John 7:53-8:11

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Puritan Board Professor
I'm reading through Koestenberger's commentary for class and he has concluded that these verses should not be in the NT Canon due to internal and external evidence.

What do you say?
In their Introduction to the Greek NT According to the Majority Text, Hodges and Farstad offer a compelling defense of its originality including:

1. Textual. It is included in over 900 manuscripts

2. Stylistic: There are several uniquely Johannine phrases (including "sin no more" which only appears elsewhere in John 5.14). They rightly conclude that if someone made it up and inserted it that whoever it was was a masterful imitator.

3. Theological: The Light of the World and Light of Life (8.12) fit well with the surrounding context and an illustration of his light/life bringing work.

There is much more in the actual introduction itself these are very, very briefly just the highlights.
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I'm reading through Koestenberger's commentary for class and he has concluded that these verses should not be in the NT Canon due to internal and external evidence.

What do you say?

Act 26:24 ...thou art beside thyself; much learning doth make thee mad. That would be the only answer I could come up with for him.:D
It is opinions like this that keep me from even considering being a critical text guy. I don't know how I could theologically get around the problems with God letting his church have such a significant error in almost every Bible for centuries.
I've always been told that the issue is where it is placed; that the source is apostolic, but it might have originally come from the Gospel of Luke, rather than John. If that's the case, why shouldn't it be in the Canon?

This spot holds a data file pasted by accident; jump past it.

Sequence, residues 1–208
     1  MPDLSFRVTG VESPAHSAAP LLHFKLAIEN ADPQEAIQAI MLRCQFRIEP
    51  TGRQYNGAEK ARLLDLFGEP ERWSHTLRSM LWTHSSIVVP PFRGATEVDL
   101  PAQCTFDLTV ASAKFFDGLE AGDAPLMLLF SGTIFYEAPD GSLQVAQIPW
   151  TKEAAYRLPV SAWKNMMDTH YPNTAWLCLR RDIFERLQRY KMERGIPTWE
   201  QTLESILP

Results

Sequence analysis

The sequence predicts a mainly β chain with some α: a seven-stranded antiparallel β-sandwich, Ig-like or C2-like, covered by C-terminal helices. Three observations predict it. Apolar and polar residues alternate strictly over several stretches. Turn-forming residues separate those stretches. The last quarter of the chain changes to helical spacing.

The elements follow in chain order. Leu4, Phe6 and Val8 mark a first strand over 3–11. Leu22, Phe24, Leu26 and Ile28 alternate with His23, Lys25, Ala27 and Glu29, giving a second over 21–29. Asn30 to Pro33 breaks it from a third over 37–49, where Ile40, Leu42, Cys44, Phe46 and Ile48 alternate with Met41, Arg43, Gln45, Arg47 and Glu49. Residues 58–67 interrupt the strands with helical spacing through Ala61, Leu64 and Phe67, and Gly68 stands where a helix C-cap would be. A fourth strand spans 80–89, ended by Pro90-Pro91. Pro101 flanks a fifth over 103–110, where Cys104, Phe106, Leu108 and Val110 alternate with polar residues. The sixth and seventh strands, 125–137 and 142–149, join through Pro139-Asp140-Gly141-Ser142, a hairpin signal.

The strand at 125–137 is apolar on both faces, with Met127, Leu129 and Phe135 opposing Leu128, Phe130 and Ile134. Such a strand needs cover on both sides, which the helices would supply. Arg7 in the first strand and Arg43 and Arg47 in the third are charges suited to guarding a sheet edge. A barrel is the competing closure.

It is opinions like this that keep me from even considering being a critical text guy. I don't know how I could theologically get around the problems with God letting his church have such a significant error in almost every Bible for centuries.
What's more is that, although one may argue it doesn't fit contextually, nothing that is in this passage is contrary to teachings elsewhere in the bible. These two facts unequivocally convince me that these verses are in our bibles by the will of God. If it were not so, the error would have been corrected many years ago ... by the will of God.
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This is a case in point, the destruction and confusion engendered by the secular antichristian criticism that came out of Germany (and Rome as well) some centuries ago. Now even genuine believers are in doubt as to what belongs and what does not belong in their Bibles!

And it will not get better, but worse as the years – and generations, should the Lord tarry a while – pass. Better a sure Bible with some antiquated words than an unsure one. It comes down to this, we have a “Critics’ Bible” and a “believers’ Bible”, the former torn to shreds by a methodology alien to faith, and the latter intact, though suffering ill-repute due to a concerted attack of slander. She remains pure nonetheless. But to the text:

This is from the Hills link in my post #4 above:

(a) Ancient Testimony Concerning the Pericope de Adultera (John 7:53-8:11)

The story of the woman taken in adultery was a problem also in ancient times. Early Christians had trouble with this passage. The forgiveness which Christ vouchsafed to the adulteress was contrary to their conviction that the punishment for adultery ought to be very severe. As late as the time of Ambrose (c. 374), bishop of Milan, there were still many Christians who felt such scruples against this portion of John's Gospel. This is clear from the remarks which Ambrose makes in a sermon on David's sin. "In the same way also the Gospel lesson which has been read, may have caused no small offense to the unskilled, in which you have noticed that an adulteress was brought to Christ and dismissed without condemnation . . . Did Christ err that He did not judge righteously? It is not right that such a thought should come to our minds etc." (32)